Book Review: Twilight of Idols and Anti-Christ by Friedrich Wilhelm Nietzsche

Friedrich Nietzsche’s ” Twilight of Idols and Anti-Christ” sharply criticizes the dominant values, institutions, and beliefs of his era. Accordingly, this bold work encourages readers to challenge their own assumptions and fearlessly explore long-accepted traditional ideas. “Twilight of the Idols” was penned in 1888, while “The Anti-Christ”, was composed shortly after in the same year. And Nietzsche’s mental breakdown occurred in early January 1889, just a short time after completing these works.

Book Review: Thus Spoke Zarathustra by Friedrich Nietzsche

Friedrich Wilhelm Nietzsche (1844–1900) is known for his provocative and unconventional ideas. He often expressed views that were in direct opposition to prevailing religious, moral, and societal norms, particularly when it came to his criticisms of Christianity. He challenged many deeply ingrained beliefs and values of his time. His rejection of Christian morality and emphasis on individual will and self-assertion align with certain aspects of pagan thought and provide a philosophical foundation for those seeking to break free from Christian historical and social dominance.

Book Review: The Brothers Karamazov by Fyodor Dostoevsky

When I seek literature that is intricate and profound, I turn to the works of Dostoevsky. And this time, I picked up, “The Brothers Karamazov”. Dostoevsky dedicated almost two years to crafting “The Brothers Karamazov,” serialized in The Russian Messenger from January 1879 to November 1880. Sadly, he passed away less than four months after its publication. This masterpiece has since been hailed as one of the paramount accomplishments in world literature.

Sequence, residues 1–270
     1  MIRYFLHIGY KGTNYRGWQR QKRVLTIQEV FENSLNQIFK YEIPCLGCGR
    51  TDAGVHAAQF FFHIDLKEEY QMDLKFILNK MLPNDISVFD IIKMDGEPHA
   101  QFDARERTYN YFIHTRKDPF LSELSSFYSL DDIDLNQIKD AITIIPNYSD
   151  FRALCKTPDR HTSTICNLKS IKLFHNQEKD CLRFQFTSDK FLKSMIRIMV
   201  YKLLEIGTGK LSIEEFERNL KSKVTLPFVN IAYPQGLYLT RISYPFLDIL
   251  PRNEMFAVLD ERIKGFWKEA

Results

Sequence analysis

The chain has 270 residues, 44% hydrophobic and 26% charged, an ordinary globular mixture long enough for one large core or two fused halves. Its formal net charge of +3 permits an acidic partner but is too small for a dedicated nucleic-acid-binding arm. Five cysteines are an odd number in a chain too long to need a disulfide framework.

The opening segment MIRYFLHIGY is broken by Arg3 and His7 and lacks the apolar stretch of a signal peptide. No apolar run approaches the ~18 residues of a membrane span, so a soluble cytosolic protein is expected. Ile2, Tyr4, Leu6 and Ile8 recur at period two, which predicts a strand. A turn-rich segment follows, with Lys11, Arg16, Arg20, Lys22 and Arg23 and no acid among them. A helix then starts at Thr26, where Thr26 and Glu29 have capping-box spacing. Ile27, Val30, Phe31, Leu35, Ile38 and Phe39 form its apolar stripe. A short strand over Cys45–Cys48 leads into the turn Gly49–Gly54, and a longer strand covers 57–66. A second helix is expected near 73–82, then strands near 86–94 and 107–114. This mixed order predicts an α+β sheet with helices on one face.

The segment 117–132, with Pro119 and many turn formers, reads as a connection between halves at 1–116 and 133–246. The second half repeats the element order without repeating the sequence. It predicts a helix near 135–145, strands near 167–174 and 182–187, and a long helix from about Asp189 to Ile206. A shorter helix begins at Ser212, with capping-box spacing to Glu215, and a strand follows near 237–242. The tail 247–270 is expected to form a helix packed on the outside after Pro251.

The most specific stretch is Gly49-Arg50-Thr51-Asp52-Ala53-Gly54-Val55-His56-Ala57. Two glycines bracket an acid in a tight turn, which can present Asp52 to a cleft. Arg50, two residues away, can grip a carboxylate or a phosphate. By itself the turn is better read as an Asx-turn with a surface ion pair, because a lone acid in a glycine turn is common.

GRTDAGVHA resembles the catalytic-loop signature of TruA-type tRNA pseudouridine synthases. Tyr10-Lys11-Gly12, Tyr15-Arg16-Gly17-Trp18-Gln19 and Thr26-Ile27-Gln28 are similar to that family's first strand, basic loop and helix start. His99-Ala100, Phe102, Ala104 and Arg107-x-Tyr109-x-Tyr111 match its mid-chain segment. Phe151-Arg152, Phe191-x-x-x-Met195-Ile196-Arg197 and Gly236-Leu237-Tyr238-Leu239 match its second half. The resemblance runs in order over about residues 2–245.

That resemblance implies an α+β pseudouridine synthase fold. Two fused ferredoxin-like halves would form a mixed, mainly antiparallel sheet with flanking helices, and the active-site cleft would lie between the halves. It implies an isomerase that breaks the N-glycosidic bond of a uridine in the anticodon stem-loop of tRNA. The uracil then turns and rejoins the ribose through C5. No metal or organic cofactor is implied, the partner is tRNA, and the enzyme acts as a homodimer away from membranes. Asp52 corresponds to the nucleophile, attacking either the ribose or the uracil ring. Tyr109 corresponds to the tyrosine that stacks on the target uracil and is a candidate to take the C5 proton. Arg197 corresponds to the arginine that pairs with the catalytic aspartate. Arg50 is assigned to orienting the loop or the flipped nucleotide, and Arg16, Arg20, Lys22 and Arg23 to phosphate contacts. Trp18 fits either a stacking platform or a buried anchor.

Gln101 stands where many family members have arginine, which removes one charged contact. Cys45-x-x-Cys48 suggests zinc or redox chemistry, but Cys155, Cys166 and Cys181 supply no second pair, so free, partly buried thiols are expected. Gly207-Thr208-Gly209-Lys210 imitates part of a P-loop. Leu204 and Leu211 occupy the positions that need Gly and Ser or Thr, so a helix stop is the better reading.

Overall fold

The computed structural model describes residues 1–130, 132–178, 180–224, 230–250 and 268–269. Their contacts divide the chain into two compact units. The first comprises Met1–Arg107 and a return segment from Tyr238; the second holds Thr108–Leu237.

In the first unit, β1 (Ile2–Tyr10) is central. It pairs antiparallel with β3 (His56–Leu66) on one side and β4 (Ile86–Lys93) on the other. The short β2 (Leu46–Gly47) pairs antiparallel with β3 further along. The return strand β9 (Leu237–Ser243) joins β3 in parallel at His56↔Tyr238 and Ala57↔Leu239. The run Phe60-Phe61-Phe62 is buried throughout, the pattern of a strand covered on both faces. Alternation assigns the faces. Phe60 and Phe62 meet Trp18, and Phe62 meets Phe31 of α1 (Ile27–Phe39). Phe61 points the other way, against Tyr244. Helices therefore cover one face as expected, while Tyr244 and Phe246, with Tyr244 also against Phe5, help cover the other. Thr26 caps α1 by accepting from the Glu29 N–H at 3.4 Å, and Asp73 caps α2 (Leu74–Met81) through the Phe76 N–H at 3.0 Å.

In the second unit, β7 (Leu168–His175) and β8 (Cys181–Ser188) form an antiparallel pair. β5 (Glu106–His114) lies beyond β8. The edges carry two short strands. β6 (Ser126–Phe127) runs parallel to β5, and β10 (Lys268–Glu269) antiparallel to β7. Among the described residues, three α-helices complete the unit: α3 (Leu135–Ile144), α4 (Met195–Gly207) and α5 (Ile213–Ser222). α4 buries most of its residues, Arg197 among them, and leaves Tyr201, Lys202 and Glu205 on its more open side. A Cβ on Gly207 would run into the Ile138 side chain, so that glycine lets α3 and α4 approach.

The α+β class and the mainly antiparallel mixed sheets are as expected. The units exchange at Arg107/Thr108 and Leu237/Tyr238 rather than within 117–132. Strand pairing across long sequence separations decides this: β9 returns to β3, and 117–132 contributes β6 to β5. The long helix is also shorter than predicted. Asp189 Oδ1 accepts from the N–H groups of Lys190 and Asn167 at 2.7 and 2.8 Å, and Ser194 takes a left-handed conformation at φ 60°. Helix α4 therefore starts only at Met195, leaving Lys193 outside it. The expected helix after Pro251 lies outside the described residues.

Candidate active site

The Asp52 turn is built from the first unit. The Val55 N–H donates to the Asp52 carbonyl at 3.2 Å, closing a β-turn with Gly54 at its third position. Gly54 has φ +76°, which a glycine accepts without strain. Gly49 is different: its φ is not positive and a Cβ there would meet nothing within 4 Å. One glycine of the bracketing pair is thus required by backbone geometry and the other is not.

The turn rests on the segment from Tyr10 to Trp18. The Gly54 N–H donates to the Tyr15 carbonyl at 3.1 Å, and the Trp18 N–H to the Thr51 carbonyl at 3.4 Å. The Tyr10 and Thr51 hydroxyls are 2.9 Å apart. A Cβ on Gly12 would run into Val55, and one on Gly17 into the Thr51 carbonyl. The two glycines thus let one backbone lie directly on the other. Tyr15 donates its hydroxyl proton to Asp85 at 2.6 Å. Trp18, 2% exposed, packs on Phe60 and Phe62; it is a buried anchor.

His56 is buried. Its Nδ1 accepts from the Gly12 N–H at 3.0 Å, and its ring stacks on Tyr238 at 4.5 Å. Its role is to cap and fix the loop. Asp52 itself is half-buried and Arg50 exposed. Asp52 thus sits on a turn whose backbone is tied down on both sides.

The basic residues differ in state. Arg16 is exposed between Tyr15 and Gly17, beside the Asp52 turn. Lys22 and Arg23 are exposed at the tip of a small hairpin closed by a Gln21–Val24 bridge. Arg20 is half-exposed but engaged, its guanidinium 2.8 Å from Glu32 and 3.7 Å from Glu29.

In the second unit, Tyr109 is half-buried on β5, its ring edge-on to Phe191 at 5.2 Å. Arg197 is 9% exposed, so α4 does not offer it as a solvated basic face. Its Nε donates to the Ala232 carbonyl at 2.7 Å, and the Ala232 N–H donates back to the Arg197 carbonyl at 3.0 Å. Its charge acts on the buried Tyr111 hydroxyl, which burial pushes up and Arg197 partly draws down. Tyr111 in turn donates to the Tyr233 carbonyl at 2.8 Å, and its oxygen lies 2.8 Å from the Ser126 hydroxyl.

Book Review: The Rebel by Albert Camus

The Rebel by Albert Camus is an exploration of the implications of the act of rebellion in response to facing the absurdism that the world has to offer. It was first published in 1951. This happens to be my second read after The Stranger by the same author. Being a collection of essays, the book lacks a conventional plot development. Moreover, it’s not an easy read. The following paragraphs resemble notes I took while reading the book. At the moment, I don’t feel equipped to review this work by Camus.

Book Review: Slaughterhouse-Five by Kurt Vonnegut

This was my third Vonnegut novel after Timequake and 2BR02B. The book has the similar approach at satirical jab at the tough parts of life that often get overlooked. However, I feel it has a touch of sci-fi also with elements such as time travel and aliens. Slaughterhouse-Five, is also called, The Children’s Crusade: A Duty-Dance with Death was first published in 1969. In the book, Kurt Vonnegut takes a real close look at the whole anti-war scene. He’s picking up on Nietzsche’s anti-morality vibes. For instance, Vonnegut explores the…